The World’s Most Haunted Hotels – Where You Can Even See The Ghosts Of Celebrities
From ghoulish white ladies to headless gravediggers who roam the grounds at night, these properties never know when their next ghostly encounter will take place
AS Halloween approaches, millions of Brits are carving their pumpkins and preparing their spooky outfits.
From ghoulish white ladies to headless gravediggers who roam the grounds at night, the most haunted properties never know when their next ghostly encounter will take place.
These are some of the best haunted hotels, from the US to Britain and all the way over in Australia.
Read on to find out more...
Hollywood Roosevelt Hotel, Los Angeles, United States
Marilyn Monroe, Errol Flynn, Montgomery Clift... celebrity-loving ghost hunters are spoilt for choice at LA's Hollywood Roosevelt Hotel.
An institution during Hollywood's golden age, the property's history is star-studded - it was even the location for the very first Oscars - and many of the silver screen legends who frequented the hotel while alive are believed to have returned since their deaths.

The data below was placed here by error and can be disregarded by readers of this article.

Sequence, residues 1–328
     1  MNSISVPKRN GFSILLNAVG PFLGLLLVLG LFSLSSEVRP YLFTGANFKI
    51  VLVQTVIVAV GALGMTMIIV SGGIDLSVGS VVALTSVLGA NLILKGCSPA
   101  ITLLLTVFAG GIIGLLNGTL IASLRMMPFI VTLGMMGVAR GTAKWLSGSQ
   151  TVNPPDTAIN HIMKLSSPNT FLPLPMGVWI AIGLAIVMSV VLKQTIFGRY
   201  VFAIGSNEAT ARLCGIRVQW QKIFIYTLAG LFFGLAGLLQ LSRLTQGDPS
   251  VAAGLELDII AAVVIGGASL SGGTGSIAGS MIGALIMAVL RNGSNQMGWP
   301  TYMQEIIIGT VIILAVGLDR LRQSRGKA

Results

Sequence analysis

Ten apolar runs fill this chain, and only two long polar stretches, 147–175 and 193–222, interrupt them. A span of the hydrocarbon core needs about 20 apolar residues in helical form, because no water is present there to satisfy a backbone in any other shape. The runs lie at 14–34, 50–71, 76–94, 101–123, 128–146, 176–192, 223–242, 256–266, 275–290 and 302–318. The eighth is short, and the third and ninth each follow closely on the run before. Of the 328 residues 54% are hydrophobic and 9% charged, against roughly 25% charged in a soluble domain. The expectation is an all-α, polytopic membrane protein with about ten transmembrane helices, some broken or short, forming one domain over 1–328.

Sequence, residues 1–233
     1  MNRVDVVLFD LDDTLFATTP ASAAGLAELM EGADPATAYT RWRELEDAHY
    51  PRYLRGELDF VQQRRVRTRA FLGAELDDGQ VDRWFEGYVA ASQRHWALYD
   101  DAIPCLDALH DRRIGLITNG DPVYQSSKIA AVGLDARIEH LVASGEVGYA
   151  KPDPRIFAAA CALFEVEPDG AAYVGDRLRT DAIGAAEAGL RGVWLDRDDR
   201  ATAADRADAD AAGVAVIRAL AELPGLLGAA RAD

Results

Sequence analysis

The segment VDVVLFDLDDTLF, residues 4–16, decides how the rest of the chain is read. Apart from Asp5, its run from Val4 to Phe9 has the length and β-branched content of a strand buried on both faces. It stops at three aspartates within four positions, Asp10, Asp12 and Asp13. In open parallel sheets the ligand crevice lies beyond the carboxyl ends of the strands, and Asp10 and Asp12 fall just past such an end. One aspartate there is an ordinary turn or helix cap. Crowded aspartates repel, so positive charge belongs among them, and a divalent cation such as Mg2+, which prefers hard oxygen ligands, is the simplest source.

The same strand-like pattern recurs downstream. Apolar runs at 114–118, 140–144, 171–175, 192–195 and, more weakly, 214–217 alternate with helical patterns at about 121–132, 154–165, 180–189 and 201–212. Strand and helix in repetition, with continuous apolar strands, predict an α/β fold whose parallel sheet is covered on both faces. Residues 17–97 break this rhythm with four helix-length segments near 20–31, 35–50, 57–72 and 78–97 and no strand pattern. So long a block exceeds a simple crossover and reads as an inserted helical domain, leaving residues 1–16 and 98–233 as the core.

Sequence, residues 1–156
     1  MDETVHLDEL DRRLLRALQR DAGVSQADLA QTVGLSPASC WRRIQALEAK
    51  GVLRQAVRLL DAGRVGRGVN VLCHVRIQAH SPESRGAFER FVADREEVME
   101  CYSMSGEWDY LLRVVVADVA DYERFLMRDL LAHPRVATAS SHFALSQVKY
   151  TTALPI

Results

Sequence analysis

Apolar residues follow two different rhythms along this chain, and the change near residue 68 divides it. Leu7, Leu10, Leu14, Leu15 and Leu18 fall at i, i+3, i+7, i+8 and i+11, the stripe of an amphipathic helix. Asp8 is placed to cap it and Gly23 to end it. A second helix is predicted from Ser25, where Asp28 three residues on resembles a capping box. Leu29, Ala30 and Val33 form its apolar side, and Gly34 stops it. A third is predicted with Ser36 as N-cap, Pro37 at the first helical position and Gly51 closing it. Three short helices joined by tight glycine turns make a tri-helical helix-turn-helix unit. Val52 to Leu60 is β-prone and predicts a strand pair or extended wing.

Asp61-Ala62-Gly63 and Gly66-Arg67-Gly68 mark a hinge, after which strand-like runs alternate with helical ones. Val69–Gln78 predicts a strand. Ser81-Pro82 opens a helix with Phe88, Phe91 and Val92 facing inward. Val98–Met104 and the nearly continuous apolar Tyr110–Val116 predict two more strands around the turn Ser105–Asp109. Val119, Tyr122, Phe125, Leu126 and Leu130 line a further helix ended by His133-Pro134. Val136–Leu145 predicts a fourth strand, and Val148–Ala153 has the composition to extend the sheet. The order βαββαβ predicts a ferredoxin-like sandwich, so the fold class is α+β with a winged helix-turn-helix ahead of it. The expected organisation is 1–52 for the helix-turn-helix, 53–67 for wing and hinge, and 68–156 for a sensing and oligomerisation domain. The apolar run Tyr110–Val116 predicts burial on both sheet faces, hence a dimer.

Marilyn Monroe, who spent two years living here and was especially fond of one of its poolside suites, is still seen in the reflection of a full-length mirror in the room, while former Hollywood heart-throb Montgomery Clift has been heard playing his trumpet in the room he stayed in for three months while filming "From Here to Eternity," 1928.
Dragsholm Slot, Odsherred, Denmark
Located in the heart of the beautiful Odsherred peninsula in Denmark, this 800-year-old castle-turned-luxury hotel is regularly hailed as one of the most haunted castles in Europe.
It;s thought there could be as many as 100 ghosts haunting the corridors of Dragsholm Slot.
The three best-known ghosts are the grey lady, the Earl of Bothwell — a Scottish royal and formal prisoner who is said to ride around the courtyard on a phantom horse, and the white lady.
Said to be a young noble who was imprisoned in the castle by her evil father, rumours of the white lady gained momentum after builders in the 1930s discovered a skeleton in a white dress entombed within one of the walls.